So, here is a tourist moment. I've been to the ID (International District) a bunch of times BUT I have never noticed some of the sculptures out there. Look up, up on the light poles. Here there be Dragons . . .
(this is my favorite picture from the day)
Managed to work my way down to Alaskan Way and the bike path that runs along the trolley tracks and spent the next few minutes actually dodging real tourists who were wandering around a bit lost but certainly having a good time. It was nice to see actually. Well, most of it. There was this one guy in a grey mini-van who thought it would be a good thing to stop in the middle of the bike path and then pull forward as I made to go around his front end.
Normally Alaskan Way is a really busy street, especially during the summer, and today was was no exception. But traffic patterns were quite different I think because one of the big cruise ships was either embarking or disembarking passengers. Traffic control was out in abundance and I was able to make easy progress to the sculpture park and the bike path that goes through Myrtle Edwards Park. It didn't hurt that an AMTRAK train was coming through at the same time and the road was blocked off. That did not stop a woman from running in front of the oncoming train while dragging her child along. They made it but only just and with much squealing of brakes. Yikes! Another almost for the Darwin Awards?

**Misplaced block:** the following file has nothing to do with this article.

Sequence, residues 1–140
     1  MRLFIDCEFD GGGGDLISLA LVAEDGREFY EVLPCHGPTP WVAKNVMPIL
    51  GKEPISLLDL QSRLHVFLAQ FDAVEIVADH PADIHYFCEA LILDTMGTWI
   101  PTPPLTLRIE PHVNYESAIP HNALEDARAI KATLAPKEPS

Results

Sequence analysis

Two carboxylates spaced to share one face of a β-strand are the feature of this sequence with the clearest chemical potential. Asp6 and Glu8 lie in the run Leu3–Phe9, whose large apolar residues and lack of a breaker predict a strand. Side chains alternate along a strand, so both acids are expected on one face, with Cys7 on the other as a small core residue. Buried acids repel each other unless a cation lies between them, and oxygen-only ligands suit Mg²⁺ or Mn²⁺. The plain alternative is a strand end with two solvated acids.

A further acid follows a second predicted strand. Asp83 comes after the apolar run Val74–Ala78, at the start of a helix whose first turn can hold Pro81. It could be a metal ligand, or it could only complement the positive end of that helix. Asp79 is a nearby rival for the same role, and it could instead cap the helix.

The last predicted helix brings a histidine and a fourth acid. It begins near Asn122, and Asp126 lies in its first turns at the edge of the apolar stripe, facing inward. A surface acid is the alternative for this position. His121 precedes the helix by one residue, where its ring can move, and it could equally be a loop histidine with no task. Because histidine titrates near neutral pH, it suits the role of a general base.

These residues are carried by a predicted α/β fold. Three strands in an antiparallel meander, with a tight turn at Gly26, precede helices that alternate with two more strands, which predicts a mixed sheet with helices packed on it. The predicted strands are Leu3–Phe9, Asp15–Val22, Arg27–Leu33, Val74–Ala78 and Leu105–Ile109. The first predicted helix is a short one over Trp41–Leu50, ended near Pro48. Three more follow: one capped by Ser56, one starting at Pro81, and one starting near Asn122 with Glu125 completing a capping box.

Lots of ships in Elliot Bay, lots of ships waiting for grain to be loaded, and boy were they loading grain from the elevators along the track. You cannot see much but you can certainly hear the stuff going into the ships. The ship being loaded was flagged in Singapore.
Took a bit of a break for some food and drink (aren't Sports Beans wonderful? So juicy.)
Not so wonderful is the fact that West Nile virus has put in an appearance in Western WA or, at least the warning signs have. (but now you know what to do . . .)
Now, how to get home? Is there a non-hilly way? Not really. Went through the Interbay Train Yards with a rather impatient roadie behind me. I was moving, not fast, but moving and he was on my tail and could not pass because of the tightness of the track. Ah well. He passed when the track opened up and gave me a look that could kill I suppose before he sped off. Meh! Get over it Dude.
And then the climbing began. There is no flat way that I can see and so I headed up towards Magnolia and all the great views there. This time I was climbing instead of descending as I normally do and it was hard. I had a rabbit though and managed to hang with a skinny-tyred rider who went past me on a downhill (lots of drag and friction on this MTB).
The rest of this ride was a pretty uneventful jaunt through Fisherman's Terminal and then to Fremont where I joined the BG Trail to home. With 30-something miles under my belt I began to get very hungry. The low fuel warnings were going off in my head, I began to slow down and had to gut out the last climb to home. But it felt good.
I got home at about 12:15. At 12:30 it started pouring in my neck of the woods here in Bryant.
Once home I began the process of replacing the 4000-odd calories that I expended on this ride, stretched, and then fell asleep on the floor in front of the TV while sort of watching the Men's Water Polo Final. How did it come out?
What a lovely adventure for the day. So glad that I was able to get out there and enjoy . . .
Seattle in August is (mostly) wonderful.
And here is the elevation profile: